Ian August Receives NJ Playwriting Fellowship

Lawrenceville School Student Activities Assistant Coordinator and Bunn Library Outreach Services Assistant Ian August recently received a 2021 Individual Artist Fellowship of $13,000 from the New Jersey State Council of the Arts.

Lawrenceville School Student Activities Assistant Coordinator and Bunn Library Outreach Services Assistant Ian August recently received a 2021 Individual Artist Fellowship of $13,000 from the New Jersey State Council of the Arts. In partnership with the Mid-Atlantic Arts Foundation, the competitive award recognizes artists in different disciplines such as photography, playwriting, screenwriting, and interdisciplinary performance; August is a Playwriting Fellowship recipient. The fellowships are granted based on independent peer panel assessments of work samples. As such, the anonymous review process focuses on artistic quality, and awards may be used to help artists produce new work and advance their careers.

Reflecting on receiving the award, August said, “It’s really nice to be recognized for work that you do that isn’t always recognized.”

August’s theatrical journey has been full of experiences centered around collaboration. In 2016, August co-founded the Princeton-based playwright collective, The Witherspoon Circle, which strives to create a supportive environment for playwrights to interact and expand their audiences through community partnerships.

Explaining the unique name, August said, “We called it The Witherspoon Circle because we met at the Princeton Arts Council building, which is right down Witherspoon Street in Princeton, and the first table that we sat at was a circle.” Since then, The Witherspoon Circle has grown into a community for playwrights to discuss and share their works.

The process of playwriting requires the playwright to consider many different working parts, and, as August explained, “When you are writing a play, you are not writing for a reader to read; you are writing a play for a reader to then perform, direct or design...Writing a play is like writing sheet music but never hearing the symphony until the end of the process.”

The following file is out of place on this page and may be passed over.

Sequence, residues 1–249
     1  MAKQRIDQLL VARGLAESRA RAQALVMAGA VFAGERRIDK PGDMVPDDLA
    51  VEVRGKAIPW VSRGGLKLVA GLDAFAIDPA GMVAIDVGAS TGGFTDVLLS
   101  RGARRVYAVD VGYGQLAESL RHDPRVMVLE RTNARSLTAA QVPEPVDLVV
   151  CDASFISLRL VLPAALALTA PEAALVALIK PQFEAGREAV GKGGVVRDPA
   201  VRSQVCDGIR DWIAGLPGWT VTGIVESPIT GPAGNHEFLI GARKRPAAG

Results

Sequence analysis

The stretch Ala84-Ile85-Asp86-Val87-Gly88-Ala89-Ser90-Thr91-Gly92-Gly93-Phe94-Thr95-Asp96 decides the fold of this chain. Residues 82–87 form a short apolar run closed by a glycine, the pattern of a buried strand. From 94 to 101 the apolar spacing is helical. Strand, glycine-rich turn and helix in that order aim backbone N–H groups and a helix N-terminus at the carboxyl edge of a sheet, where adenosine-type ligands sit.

As such, August finds great value in workshopping dramatic writing in a group, as it creates an environment where he can learn more about different life experiences and perspectives. During these workshop sessions, people exchange ideas and hone their work through peer critique, allowing August and many others to turn their plays into the best versions. “When I am in group settings alongside playwrights with different life experiences, different writing experiences, different histories, and different perspectives, they can offer me thoughts and ideas that I never would have thought of before,” he said.

This year, August also joined Ambassador Theatre Group (ATG) PlayLab––another group that gathers playwrights from New Jersey and New York to foster a community focused on feedback and development of playwriting skills.

Reflecting on his work as a playwright, August mentioned “Brisé”––a one-person play about a professional dancer who suffers from early-onset dementia––to be one of the more memorable pieces in his career. Unlike the conventional structure of a live play, Brisé consists of a series of YouTube videos chronicling the protagonist’s slow decline to convey the themes of voice and movement. “The audience gets to watch him losing himself in real time, which makes [Brisé] a beautiful piece,” August said.

Unfortunately, the Covid-19 pandemic has “laid bare the theatre arts” and live performances have come to a halt. “As a writer of theatre, it has been very challenging. We don’t know what our industry will look like when the pandemic is over. We don’t know when people will feel comfortable coming back and sitting together in an audience,” he said.

Still, the theatre community has managed to make adjustments by utilizing online platforms such as Zoom for play readings and performances. August has also found ways to make the best out of the current circumstances, including writing an interactive play that will encourage audience participation and breakout room features to create unique experiences for each viewer. “We’re trying to think of ways we can take the skills that we have developed for live theatre and apply them to the technological world,” he explained.

Despite facing many uncertainties, August remains optimistic regarding the future of theatre and is excited to get back to work in person. “I am hopeful that I will be able to be in a theatre space with actors, designers, a director, and an audience again. I’m going to continue writing for the stage with the expectation that someday we are going to find a new normal after the pandemic is over,” he said.

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